Going somewhere new? What is the first thing you do? Open your favorite map app and learn about the area and preplan your route. But, what do you do if you are visually impaired and cannot see the visual map?
ObjectiveEd has just released the first version of Map Explore, an iPad app which uses cutting edge technology to make digital maps accessible! These innovated maps use sonification – sounds – that enable students to easily trace streets on a touch screen iOS tablet. Drag a finger around the screen – hear the street name and the customized tags of buildings/landmarks. To follow a street, simply drag a finger while listening to the sound. The sound continues as you trace the street; if your finger moves away from the street, the sound stops. As you cross an intersection, the intersecting street is announced. As an O&M specialist, I am thrilled with these accessible maps and the endless possibilities of how these maps can be used in lessons!!!
As an O&M with over 25 years of experience, I have made countless tactile maps for students; these maps have saved hours upon hours of O&M “feet-in-the-street” instruction time. These maps have also been used to build a variety of foundational O&M concepts, with the main goal of teaching the student how to build a mental map – or a big overview – of the desired environment. This ability to create robust mental maps makes the difference between an rote route traveler and a fearless, independent traveler. A rote route traveler may travel known routes independently; however, the rote route traveler relies on someone teaching every single route. Every. Single. Route. A fearless, independent traveler learns orientation skills and then applies these skills to fearlessly travel in new environments and to be able to take shortcuts in known environments.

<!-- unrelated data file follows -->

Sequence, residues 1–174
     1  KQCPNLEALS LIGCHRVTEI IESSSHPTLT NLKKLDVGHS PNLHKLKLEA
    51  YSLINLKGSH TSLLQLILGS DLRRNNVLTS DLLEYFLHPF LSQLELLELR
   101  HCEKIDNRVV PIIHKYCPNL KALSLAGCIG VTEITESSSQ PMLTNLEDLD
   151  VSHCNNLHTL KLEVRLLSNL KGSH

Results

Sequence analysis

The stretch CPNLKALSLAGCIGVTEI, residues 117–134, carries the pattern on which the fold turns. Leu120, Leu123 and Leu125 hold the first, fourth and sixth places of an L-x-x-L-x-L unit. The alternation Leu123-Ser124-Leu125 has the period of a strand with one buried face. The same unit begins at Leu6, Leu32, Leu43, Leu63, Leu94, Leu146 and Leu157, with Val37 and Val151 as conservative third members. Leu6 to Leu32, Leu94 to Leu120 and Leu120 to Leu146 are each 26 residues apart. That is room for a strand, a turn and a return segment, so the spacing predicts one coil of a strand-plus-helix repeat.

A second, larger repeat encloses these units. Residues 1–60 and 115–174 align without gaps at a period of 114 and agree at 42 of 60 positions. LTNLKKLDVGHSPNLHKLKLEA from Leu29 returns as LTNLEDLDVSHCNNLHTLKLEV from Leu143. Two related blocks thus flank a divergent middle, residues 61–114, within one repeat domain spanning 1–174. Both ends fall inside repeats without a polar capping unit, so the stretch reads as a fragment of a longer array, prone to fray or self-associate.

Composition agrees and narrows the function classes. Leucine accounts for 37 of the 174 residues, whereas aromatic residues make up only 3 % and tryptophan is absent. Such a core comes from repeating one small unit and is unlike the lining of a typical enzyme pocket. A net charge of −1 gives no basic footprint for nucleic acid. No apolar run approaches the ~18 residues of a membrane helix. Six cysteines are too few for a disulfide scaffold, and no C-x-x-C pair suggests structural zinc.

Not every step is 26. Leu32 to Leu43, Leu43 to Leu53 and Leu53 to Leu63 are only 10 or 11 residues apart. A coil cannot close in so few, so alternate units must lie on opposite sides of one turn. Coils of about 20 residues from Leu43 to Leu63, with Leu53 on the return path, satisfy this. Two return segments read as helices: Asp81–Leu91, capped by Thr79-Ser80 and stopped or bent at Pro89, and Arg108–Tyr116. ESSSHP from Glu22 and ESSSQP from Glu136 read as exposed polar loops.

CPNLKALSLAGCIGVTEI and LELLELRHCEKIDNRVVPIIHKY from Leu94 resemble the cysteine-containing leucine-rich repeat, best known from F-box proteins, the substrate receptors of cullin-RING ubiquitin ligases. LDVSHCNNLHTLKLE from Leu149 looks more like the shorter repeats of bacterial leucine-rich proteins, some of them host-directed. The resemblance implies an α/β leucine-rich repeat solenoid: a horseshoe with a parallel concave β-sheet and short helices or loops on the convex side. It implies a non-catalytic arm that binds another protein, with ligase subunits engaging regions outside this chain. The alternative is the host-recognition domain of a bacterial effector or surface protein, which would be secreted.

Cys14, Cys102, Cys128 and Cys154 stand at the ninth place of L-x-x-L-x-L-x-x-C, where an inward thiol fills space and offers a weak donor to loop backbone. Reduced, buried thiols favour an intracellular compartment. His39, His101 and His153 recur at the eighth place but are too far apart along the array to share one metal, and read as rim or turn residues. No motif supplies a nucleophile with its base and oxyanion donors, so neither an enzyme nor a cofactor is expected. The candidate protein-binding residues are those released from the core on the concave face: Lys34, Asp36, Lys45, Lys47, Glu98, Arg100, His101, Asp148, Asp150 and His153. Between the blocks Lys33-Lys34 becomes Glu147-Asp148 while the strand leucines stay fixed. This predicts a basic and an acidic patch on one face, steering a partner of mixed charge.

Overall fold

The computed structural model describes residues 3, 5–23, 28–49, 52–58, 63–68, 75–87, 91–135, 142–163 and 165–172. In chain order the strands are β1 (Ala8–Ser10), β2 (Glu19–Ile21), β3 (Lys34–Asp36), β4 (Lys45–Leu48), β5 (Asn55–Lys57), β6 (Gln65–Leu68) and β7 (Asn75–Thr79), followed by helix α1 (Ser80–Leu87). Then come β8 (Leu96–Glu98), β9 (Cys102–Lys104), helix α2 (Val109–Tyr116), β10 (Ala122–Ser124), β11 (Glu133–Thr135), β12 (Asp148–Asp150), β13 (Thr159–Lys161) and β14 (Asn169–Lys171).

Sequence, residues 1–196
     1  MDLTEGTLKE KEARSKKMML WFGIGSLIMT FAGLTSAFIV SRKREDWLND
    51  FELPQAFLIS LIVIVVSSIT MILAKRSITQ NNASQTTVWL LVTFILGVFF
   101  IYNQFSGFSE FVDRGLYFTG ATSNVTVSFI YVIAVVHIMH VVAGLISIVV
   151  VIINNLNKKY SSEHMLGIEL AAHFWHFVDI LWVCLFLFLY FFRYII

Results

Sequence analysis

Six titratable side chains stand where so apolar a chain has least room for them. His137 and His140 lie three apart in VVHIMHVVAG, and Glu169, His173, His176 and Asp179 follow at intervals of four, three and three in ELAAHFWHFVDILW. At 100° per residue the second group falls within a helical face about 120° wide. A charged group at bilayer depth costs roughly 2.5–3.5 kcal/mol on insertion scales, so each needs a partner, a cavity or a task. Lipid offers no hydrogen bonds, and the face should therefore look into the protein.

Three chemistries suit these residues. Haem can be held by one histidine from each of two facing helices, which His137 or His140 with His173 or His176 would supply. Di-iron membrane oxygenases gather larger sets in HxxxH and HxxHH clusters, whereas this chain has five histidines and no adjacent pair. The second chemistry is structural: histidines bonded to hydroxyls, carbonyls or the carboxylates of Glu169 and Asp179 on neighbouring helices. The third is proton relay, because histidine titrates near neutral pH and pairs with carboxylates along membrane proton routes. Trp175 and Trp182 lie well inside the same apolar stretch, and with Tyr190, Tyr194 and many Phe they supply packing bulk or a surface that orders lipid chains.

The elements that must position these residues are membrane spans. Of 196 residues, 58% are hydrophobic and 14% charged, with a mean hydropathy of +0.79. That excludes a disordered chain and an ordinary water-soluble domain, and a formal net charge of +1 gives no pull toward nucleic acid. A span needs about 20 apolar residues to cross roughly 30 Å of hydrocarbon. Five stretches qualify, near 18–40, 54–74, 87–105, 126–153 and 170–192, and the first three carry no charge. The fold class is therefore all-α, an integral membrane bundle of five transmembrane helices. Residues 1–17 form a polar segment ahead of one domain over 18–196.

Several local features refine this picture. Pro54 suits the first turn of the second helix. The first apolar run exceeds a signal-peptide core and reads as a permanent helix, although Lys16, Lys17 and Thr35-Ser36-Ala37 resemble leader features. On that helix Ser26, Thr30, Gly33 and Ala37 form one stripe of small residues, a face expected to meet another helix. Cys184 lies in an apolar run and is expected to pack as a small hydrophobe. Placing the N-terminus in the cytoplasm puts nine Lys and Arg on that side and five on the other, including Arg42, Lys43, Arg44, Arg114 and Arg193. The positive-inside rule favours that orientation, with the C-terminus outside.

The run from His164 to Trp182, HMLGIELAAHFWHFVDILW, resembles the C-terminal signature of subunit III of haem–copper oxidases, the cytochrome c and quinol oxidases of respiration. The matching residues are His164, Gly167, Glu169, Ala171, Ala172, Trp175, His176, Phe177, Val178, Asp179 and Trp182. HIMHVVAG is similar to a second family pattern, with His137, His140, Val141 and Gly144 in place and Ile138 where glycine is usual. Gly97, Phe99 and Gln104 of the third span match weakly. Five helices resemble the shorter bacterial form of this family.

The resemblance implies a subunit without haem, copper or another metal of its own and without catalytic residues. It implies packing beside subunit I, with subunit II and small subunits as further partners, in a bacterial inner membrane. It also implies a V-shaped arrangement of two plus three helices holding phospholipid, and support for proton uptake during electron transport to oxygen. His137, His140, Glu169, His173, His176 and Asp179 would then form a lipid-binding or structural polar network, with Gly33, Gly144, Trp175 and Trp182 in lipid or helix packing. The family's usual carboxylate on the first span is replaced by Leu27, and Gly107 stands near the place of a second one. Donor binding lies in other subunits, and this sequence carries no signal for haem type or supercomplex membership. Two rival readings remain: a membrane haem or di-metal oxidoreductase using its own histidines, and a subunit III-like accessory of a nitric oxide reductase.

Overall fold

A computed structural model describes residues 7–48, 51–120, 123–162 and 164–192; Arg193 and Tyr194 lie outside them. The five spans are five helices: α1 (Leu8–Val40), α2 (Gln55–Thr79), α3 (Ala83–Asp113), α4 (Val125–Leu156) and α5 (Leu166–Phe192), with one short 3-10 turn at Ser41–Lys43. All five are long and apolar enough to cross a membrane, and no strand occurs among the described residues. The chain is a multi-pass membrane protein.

In the 21st century, people with vision have instant access to digital maps and GPS systems. There are wonderful GPS-type apps that are accessible for travelers who are blind and low vision. These apps are typically used for turn-by-turn directions. While there is a time and place for these turn-by-turn directions, the downfall of these apps is that they can reinforce rote route travel behavior (for users with or without vision). Remember the days when you pulled out that big atlas and planned your trip ahead of time? The atlas provided a general idea of what is there, where major landmarks are, which direction you need to travel in, what you will encounter along the way, spatial relationships between places, etc.The atlas gave you the “big picture” or overview of your trip – making you a fearless, independent traveler. For students who are visually impaired, Map Explore is similar to the classic atlas in that Map Explore provides the “big picture” information needed to develop a strong mental map.
Another brilliant feature of Map Explore is that O&Ms can quickly and easily create customized map within Map Explore, using Google Maps. Add in a few details for a beginner student or tons of details for the advanced traveler. These maps are customized! Like all ObjectiveEd games, Map Explore has educational game play with quiz modes!
Tap with one finger to start the game. Listen carefully for the name of the map and how many location tags are on that map. As you find the tags, the game announces how many tags you have found and how many tags are left.
Note: This is a sneak peak at the Map Explore game by ObjectiveEd – more features are coming soon! The goal of this Sneak Peak post is to introduce the concept of sonified streets on an accessible digital map.
The video below demonstrates a customized map of Moore Square Park in downtown Raleigh. The main goal of this map is to build “block” concepts and to identify the four streets that make up the block around Moore Square Park. The goal of the video is to introduce accessible maps with sonified streets.
Note: “Customized” maps are created by individuals, typically O&Ms. The Moore Square Park map in the video above is a customized map that I created. It is currently only available to my students after I assign the map to them; the Moore Square Park map is not a standard, preloaded map by ObjectiveEd that is available to everyone.
Map Explore is only available to current ObjectiveEd customers.
By Diane Brauner